Up and Running

I hopped online to write tonight and was greeted by a Posterous screen I hadn’t yet seen before:

“Down for maintenance.”

I missed a heartbeat (possibly two), then calmed down. Down for maintenance? No bueno. I have a [self-imposed] deadline. What’s a girl to do?

It dawned on me that perhaps the old-school route was in order. Unfortunately not in the pen and paper sense, but rather writing in a Word .doc and hoping the site would be fixed in the nick of time (read: by midnight) so that I could undertake a swift copy and paste job.

If the copy/paste route was thwarted, I did happen to notice the Posterous homepage said email posts were still working just fine. All well and good, but unfortunately my blog account is tied to my work email…and there’s nothing graceful about the hunk o’ legalese that would appear with a post sent from my Blackberry.

That said, while not the best option, it’s saved me before with other blogs. I’d take that route if it came down to it.

As a near-last resort, I figured I could always start a new “note” on Facebook and post that, since these posts also automatically populate my wall once I publish them (Randomly, I’ll never get used to talking about my wall, by the way — at least not in a manner that indicates I’m referring to anything other my guardedness and hefty batch of well-honed defenses.)

Needless to say, the site was back in tip-top shape as of a 30 minutes ago, and here I am.

It made me think about how many times in life we come across a roadblock of sorts. Do we take it for what it is, calmly turning around and taking a different direction? Nudge it and hope it gives way enough so that we can squeeze through a small opening? Perhaps we scale it. Or maybe we try to kick it down. Some may opt to enlist the help of friends. Or maybe we just sit and consider it a forced breather.

The latter is my first go-to. Something’s in the way, and so it must be there for a reason. Maybe it’s just to force me to slow down and make sure my I’s are dotted and T’s are crossed. Whatever the reason, I’m fine with waiting it out for a while. Often, I feel like I’ll come across an obstacle that quickly makes me discard the vehicle by which I was traveling. I don’t know what to do about the obstacle, but distilling the matter down into a bite-sized chunk is mandatory. Thus, farewell, vehicle.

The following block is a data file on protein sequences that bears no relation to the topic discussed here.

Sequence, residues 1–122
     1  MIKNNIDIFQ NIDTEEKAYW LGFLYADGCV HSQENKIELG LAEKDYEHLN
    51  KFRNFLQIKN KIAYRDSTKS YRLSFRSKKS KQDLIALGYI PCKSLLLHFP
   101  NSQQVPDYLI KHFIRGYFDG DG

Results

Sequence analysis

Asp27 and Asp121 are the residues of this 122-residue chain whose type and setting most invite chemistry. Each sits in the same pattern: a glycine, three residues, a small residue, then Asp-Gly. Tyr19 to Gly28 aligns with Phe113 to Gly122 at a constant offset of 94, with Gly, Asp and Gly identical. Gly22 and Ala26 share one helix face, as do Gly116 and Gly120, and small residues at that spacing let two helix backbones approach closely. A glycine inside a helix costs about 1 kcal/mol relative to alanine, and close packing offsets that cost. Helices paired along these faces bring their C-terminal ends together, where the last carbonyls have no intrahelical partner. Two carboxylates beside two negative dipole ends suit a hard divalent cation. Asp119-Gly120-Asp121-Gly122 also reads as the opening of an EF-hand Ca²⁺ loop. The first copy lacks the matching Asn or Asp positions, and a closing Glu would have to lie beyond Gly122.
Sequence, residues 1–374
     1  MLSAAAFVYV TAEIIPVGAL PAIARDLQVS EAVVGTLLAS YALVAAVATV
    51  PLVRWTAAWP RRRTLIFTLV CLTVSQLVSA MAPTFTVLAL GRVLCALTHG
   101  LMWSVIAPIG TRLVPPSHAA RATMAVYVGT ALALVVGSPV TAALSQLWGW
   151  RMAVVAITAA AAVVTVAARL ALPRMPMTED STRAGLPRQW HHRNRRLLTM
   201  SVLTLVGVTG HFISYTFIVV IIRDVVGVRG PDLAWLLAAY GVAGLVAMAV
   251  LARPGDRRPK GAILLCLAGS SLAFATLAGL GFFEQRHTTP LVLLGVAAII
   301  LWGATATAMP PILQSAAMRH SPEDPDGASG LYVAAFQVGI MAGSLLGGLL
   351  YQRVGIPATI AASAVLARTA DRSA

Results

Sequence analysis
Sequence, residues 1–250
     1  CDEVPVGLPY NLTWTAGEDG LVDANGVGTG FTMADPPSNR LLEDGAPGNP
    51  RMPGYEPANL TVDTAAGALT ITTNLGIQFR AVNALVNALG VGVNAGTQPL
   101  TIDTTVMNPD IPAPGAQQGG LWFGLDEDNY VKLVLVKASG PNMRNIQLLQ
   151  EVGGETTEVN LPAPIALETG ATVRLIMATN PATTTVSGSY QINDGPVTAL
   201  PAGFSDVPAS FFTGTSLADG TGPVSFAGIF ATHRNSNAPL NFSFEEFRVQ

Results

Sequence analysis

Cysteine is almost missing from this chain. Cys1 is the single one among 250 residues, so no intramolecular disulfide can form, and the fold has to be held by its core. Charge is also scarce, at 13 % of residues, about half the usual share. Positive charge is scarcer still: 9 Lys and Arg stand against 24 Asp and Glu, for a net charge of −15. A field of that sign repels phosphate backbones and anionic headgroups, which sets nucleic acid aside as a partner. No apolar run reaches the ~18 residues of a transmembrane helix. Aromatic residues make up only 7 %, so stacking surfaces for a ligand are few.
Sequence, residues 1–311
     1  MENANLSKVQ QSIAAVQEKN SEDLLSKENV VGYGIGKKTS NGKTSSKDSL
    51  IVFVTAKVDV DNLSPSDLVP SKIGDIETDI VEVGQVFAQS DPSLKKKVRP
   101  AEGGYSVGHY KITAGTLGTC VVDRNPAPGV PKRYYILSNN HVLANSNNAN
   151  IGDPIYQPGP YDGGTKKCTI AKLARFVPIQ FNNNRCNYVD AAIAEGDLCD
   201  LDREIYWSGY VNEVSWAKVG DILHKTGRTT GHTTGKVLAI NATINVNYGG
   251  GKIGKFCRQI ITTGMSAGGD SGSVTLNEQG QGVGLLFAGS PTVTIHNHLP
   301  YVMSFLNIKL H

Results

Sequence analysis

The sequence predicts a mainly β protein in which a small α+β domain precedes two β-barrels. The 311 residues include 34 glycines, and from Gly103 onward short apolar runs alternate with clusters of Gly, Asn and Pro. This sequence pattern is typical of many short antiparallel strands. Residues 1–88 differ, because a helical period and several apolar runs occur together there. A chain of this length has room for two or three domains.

I then like to deliberately and carefully dissect everying. This rational concern goes here. That other one, the more emotional response, goes in the corner. Implications and ramifications are clumped together based on their degree of potential impact, and the opinions of others are gathered into a little box.

And then I stand back.

My arms are folded, and the issues surrounding my obstacle no longer have the best of me. I’m eyeing them, and they know it. 

Some of my best, most calming solutions have come to me in my quietest of moments. I’ve put everything aside, I’m staring them down, I’ve managed to silence the brain, and just when I think I’m about to reach some zen-like state, the answer is found. (Which, I suppose, is zen-like in itself.)

Within moments, I’m back up and running. The brain is no longer quiet, but instead is back to its buzzing. It’s firing on all cylinders. It’s good to go.

Tonight I am thankful for the ability to see a situation for what it is, and to be able to methodically pull it apart and show it who’s boss. While I appreciate the lessons an obstacle holds, we’ve all got better things to do than to be had by them. Let’s get back up and running.

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